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A Minnesota policewoman shot a black man.  Protests turned into riots and looting

A Minnesota policewoman shot a black man. Protests turned into riots and looting

For the third day in a row, hundreds of people demonstrated in Minneapolis, USA, in front of the local police headquarters. They are taken to the streets after the killing of Don Wright, a 20-year-old black man, who was shot by a police officer. The strength of the protests was also amplified by the fact that the accident occurred just a few kilometers from where George Floyd lost his life last year. The local attorney general’s office announced that it will file murder charges against the police.

Even before the night curfew began, security forces declared the demonstrations illegal and ended them using tear gas and grenades. District Attorney Pete Orbot announced on Wednesday that he will file murder charges against white policeman Kim Potter, who shot Wright. Local newspaper Star Tribune reported that if found guilty, she faces up to ten years in prison and a fine.

Tuesday’s protests began, according to the Star Tribune, with a peaceful afternoon protest in which people called for an independent investigation into Potter’s actions, which at the same time left the Brooklyn Center Police Force. Activist and attorney Nikima Levi Armstrong told the crowd that she recently spoke with the governor of Minnesota about proposing police reforms, including the abolition of so-called qualifying immunity, which protects police officers from prosecution for acts performed in service.

At dusk, several hundred protesters remained in front of a newly fenced police headquarters in the northern suburbs of Minneapolis, against which dozens of heavily dressed police officers and members of the National Guard stood against it. Some protesters threw water bottles and other items from the fence when law enforcement. Just before 9 p.m. (04:00 CEST), more than an hour before the curfew, police declared the gathering illegal and began urging people to disperse.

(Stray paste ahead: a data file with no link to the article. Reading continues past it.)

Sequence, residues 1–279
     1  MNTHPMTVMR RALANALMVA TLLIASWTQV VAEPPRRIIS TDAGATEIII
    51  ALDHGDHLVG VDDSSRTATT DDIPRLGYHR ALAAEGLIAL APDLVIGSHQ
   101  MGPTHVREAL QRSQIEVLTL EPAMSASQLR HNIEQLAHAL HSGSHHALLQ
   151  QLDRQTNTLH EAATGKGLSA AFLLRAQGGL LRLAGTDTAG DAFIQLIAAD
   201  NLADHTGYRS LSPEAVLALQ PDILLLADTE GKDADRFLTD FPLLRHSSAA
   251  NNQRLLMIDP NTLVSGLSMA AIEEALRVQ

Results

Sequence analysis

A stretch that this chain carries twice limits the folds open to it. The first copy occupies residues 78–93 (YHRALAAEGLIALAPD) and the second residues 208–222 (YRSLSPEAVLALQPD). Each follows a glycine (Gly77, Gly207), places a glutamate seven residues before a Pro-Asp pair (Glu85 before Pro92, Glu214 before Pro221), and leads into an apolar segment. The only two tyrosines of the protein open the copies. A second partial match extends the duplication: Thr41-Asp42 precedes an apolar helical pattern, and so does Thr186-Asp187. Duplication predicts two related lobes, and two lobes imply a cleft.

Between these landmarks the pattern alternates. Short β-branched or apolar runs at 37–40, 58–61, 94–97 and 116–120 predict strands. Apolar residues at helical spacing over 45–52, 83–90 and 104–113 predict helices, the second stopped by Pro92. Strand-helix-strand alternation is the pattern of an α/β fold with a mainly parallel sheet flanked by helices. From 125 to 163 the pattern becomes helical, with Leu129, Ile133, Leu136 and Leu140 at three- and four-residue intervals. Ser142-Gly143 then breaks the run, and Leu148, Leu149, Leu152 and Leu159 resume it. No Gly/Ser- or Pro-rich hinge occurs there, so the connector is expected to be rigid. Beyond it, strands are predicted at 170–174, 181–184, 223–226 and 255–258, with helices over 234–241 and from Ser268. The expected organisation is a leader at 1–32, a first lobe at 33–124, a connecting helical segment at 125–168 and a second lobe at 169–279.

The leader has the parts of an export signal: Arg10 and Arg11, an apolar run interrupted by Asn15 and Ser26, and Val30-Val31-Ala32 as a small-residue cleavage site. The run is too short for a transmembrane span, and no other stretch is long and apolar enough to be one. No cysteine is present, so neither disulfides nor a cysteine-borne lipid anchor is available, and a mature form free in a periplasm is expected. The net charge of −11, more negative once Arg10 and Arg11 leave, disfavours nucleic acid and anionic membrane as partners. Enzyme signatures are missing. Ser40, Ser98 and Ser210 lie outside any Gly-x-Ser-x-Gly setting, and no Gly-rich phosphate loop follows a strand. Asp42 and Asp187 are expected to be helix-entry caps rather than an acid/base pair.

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This was followed by tens of minutes of relatively dramatic confrontations with the use of tear gas, grenades and “non-lethal” shells to disperse the demonstrators. The crowd of protesters gradually disappeared when tear gas penetrated apartments near the police station. Later, the police announced the arrest of more than 60 people. The protests were accompanied by looting on Sunday and Monday, but on Wednesday evening the police did not report such riots.

Minnesota’s largest city saw similar scenes less than a year ago after George Floyd, suspected of using a fake cigarette bill, died in police hands. A controversial new campaign by the local police force against a black man came at a delicate moment when a trial was held in Minneapolis with former police officer Derek Chauvin accused of murdering Floyd.

Don Wright died after being stopped by police on the road on Sunday on suspicion of a traffic offense. Then the police discovered an arrest warrant for the driver and tried to arrest him. However, the young man did not cooperate and returned to his car, and one bullet fell in its tracks. Wright was pronounced dead after an accident near a clash with police.

Potter left the police after 26 years in light of the accident. The current head of staff of the Brooklyn Center, Tim Gannon, did the same on Tuesday, having previously described Wright’s death as the result of an “unintended” shot. Potter said he wanted to use an electric stun gun, but accidentally reached for one.

“We need to make sure that justice is served enough to do justice,” said Mike Elliott, mayor of the Brooklyn Center, Mike Elliott, the first black man to do so. “Downright deserves it. And his family deserves it.” Elliott also expressed his hope, according to the Associated Press, that Potter’s departure from the police “will bring some peace to society.”

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